Security and compliance are considerations as well. AI ingests and egests a lot of potentially sensitive data. The safety and proper governance of that data in these increasingly complex environments doesn’t just happen. Nor should they be grafted on to systems as an afterthought. That’s another reason AI and security and DevOps—or, as many of us have taken to calling it, DevSecOps—must come together.

Chaperoning the DevOps-AI courtship

Given the imperatives above, CIOs and other digital leaders in the enterprise need to take several steps now to ensure that any future relationship between AI and DevOps will be a cordial and productive one.

Suggested steps include:

  • Begin mapping processes and workflows in your DevSecOps toolchain that will provide the same automation, QA, and auditability of Ai integrations as you’re presently implementing for  APIs, database calls, cloud connectivity, and the like.
  • Ensure that your data governance methods and technologies can be uniformly applied across platforms, environment, and data sources.
  • Get your DevOps and data science people together. Their tools, skills, and cultures may be markedly dissimilar—but ultimately, for your business to win, they will have to collaborate in much the same way as we are driving developers, QA teams, ops staff, security professionals, and business analysts to collaborate.

AI will transform business in the coming years. But it won’t do so by itself. Only in concert with a holistic approach to digital transformation can businesses reap the full potential value of AI.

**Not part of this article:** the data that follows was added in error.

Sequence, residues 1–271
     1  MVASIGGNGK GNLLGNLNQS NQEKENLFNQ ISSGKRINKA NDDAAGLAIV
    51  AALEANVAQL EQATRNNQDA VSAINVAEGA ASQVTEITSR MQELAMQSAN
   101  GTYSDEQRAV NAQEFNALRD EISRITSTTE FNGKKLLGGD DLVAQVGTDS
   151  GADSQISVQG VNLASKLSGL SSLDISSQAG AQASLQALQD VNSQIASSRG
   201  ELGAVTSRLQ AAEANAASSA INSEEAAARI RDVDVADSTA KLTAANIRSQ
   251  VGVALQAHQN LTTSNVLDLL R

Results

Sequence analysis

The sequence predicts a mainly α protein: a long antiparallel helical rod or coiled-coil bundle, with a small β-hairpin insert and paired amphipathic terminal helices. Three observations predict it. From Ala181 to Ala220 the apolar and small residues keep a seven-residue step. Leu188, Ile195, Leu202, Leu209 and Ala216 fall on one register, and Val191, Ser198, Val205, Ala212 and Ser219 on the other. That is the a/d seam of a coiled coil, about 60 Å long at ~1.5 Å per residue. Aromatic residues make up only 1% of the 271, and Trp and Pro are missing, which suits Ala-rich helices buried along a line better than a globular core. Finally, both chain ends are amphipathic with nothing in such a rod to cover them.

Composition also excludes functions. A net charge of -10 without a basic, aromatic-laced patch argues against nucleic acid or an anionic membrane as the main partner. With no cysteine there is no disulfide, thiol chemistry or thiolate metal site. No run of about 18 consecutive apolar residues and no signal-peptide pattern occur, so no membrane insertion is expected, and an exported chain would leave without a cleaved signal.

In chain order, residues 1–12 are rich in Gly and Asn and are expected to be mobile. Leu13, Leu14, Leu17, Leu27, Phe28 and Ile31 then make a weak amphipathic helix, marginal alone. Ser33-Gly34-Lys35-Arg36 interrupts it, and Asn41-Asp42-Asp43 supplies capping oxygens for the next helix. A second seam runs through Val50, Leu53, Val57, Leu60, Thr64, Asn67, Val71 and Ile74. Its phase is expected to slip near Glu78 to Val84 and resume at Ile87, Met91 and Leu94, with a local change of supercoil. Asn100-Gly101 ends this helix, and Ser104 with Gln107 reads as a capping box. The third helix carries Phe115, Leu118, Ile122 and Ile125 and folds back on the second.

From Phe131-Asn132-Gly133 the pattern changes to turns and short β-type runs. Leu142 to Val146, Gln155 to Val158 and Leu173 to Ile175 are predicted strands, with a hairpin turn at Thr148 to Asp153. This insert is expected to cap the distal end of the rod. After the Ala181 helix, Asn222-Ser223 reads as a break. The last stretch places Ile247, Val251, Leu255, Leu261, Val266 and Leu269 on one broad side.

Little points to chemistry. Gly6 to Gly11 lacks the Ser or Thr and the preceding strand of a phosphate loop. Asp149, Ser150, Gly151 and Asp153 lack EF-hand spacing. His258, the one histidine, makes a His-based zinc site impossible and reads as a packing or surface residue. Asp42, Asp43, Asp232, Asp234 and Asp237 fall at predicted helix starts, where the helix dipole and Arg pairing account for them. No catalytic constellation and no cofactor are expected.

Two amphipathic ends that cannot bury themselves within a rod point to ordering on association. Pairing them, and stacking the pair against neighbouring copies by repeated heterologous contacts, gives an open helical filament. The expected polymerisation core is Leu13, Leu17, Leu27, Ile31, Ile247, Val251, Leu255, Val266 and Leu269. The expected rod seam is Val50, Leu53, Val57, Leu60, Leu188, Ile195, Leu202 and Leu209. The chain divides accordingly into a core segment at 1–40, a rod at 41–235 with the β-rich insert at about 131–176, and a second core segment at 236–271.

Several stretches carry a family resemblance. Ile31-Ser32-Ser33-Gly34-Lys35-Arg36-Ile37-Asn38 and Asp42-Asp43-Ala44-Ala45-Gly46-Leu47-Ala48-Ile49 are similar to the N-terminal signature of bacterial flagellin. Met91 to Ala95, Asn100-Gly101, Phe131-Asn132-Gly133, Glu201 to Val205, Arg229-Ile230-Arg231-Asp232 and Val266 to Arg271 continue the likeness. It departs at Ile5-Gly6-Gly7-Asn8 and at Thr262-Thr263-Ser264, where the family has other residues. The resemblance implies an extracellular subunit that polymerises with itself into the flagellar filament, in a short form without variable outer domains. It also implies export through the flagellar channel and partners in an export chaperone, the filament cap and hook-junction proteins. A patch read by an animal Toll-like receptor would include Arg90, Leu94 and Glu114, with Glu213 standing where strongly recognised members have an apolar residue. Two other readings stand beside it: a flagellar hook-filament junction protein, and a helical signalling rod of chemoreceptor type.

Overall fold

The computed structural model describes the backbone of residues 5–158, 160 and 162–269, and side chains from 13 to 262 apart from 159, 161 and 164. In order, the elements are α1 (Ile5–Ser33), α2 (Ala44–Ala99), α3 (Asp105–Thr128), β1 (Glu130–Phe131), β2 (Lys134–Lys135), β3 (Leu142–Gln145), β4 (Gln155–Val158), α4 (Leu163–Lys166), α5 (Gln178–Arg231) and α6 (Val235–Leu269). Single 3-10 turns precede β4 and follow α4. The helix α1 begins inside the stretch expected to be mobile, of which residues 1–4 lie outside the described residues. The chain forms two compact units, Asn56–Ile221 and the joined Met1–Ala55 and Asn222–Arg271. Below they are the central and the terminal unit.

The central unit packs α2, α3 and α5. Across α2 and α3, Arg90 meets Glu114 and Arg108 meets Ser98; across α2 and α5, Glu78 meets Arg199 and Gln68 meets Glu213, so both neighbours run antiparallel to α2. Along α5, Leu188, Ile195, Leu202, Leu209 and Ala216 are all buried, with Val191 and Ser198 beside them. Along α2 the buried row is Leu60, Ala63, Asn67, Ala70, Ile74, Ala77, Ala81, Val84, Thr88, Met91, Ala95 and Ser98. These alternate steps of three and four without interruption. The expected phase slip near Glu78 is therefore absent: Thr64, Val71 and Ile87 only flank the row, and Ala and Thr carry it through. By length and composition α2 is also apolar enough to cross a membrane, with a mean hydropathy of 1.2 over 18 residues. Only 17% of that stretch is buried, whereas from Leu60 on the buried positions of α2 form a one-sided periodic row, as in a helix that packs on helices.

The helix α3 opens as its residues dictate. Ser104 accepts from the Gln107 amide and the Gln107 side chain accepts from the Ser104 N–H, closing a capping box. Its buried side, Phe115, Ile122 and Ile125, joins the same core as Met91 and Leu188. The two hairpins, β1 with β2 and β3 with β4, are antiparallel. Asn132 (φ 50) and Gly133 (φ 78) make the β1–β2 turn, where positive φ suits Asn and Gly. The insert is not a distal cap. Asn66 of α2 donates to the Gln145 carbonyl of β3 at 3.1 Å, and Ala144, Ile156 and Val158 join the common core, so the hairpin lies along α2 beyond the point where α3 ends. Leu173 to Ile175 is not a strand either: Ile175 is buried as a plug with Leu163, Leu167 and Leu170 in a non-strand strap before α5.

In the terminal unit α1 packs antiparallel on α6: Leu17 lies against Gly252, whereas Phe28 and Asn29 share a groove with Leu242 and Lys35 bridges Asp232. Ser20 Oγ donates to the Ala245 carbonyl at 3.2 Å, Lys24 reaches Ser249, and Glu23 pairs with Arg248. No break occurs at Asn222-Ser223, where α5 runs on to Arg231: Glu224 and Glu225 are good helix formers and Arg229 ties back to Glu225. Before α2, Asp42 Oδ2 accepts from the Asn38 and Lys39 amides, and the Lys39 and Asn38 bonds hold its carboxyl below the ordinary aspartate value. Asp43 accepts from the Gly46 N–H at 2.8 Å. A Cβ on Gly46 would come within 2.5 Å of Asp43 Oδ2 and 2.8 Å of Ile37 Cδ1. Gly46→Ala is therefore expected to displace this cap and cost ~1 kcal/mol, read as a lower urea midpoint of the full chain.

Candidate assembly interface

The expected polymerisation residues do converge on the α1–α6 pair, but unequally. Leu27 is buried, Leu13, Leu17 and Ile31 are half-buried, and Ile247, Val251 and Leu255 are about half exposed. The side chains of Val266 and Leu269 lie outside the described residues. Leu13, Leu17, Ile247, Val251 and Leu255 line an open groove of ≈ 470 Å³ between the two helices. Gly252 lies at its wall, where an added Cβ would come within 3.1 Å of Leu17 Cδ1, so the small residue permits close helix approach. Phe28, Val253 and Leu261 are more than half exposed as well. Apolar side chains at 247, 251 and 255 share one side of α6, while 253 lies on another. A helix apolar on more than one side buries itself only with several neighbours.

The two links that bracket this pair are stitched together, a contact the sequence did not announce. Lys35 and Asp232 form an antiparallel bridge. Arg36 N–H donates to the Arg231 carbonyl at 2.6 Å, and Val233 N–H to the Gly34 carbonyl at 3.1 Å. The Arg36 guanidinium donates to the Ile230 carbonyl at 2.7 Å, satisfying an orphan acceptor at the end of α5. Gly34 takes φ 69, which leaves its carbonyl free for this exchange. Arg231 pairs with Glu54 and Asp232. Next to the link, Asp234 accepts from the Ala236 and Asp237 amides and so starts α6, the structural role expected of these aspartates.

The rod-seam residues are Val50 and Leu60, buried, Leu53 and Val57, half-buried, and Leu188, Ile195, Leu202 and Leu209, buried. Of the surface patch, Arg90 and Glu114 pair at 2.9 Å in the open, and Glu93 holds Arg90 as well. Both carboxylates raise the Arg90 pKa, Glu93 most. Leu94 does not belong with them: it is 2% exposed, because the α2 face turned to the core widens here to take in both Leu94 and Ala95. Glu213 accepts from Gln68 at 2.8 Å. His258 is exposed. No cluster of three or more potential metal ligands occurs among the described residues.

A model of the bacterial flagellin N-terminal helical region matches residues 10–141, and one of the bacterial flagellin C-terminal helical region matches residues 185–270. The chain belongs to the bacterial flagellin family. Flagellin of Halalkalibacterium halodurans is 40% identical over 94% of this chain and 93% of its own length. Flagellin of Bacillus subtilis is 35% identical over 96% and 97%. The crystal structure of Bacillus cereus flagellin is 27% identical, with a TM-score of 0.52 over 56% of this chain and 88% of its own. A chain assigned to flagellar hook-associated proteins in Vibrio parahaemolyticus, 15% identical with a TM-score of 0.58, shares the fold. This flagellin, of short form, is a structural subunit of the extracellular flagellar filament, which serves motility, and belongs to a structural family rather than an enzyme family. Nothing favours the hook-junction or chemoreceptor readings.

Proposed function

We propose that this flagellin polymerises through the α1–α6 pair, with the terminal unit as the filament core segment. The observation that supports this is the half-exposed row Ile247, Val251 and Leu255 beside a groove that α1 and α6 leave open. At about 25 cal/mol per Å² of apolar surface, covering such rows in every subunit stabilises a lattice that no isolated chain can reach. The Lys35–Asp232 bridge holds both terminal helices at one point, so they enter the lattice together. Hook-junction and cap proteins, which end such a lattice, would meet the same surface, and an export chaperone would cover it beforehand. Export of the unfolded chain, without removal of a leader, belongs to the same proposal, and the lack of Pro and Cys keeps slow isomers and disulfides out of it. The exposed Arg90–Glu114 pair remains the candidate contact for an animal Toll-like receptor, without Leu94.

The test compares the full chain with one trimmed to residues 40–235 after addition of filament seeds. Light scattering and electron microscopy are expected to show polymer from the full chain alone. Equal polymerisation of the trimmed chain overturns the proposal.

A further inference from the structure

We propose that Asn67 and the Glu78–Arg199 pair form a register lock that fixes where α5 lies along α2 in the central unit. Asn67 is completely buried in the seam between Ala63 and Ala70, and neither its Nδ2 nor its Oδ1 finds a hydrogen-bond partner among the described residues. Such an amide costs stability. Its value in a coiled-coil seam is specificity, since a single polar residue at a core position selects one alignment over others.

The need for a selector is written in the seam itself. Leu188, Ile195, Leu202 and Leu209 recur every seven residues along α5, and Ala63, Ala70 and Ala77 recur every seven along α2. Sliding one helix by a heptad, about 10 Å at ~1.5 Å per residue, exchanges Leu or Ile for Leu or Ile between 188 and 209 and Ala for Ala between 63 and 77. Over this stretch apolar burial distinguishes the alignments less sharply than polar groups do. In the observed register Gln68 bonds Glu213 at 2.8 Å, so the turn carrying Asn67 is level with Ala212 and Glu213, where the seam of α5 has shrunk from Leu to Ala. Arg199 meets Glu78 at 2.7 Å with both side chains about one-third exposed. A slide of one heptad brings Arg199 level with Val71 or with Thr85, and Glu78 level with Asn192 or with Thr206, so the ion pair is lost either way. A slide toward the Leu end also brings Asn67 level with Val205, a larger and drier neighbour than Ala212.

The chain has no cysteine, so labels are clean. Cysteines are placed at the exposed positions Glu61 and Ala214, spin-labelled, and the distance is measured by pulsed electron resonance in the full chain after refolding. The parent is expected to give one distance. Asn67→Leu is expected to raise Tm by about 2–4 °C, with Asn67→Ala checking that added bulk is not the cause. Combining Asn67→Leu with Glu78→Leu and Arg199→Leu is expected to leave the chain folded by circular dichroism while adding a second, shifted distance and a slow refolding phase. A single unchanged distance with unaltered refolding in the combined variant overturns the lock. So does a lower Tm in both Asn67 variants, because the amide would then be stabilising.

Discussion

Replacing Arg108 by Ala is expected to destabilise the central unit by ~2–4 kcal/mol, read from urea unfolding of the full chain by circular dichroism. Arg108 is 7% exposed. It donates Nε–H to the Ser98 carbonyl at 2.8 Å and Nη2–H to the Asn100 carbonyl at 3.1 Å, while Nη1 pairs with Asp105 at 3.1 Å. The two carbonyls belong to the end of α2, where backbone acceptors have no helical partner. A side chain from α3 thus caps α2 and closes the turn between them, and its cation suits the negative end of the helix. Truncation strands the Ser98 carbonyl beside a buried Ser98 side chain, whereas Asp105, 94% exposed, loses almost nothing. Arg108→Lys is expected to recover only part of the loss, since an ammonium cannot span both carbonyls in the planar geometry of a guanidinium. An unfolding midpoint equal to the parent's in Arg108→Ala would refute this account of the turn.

Formula 1 races to AWS as official cloud provider, cites importance of machine learning capabilities

It has been described by Citrix as a ‘never-ending technology arms race to optimise performance’ – and now Formula 1 has gotten a further boost by selecting Amazon Web Services (AWS) as its official cloud and machine learning provider.

The move will see Formula 1 move the vast majority of its infrastructure from on-premises data centres to AWS, and use a variety of products to help improve broadcasts, data tracking, and race strategies.

Amazon SageMaker – AWS’ service to help developers build, train and deploy machine learning models – will be put to task by Formula 1’s team of data scientists against more than 65 years of race data. The data, collected in real time by Amazon Kinesis and stored in Amazon DynamoDB and cold storage product Glacier, will be crunched to extract performance statistics and make predictions for upcoming races.

Other AWS products being utilised by Formula 1 are AWS Lambda for serverless capabilities, and AWS Elemental Media Services for greater video options.

“For our needs, AWS outperforms all other cloud providers, in speed, scalability, reliability, global reach, partner community, and breadth and depth of cloud services available,” said Pete Samara, Formula 1 director of innovation and digital technology in a statement. “By leveraging Amazon SageMaker and AWS’s machine learning services, we are now able to deliver these powerful insights and predictions to fans in real time.”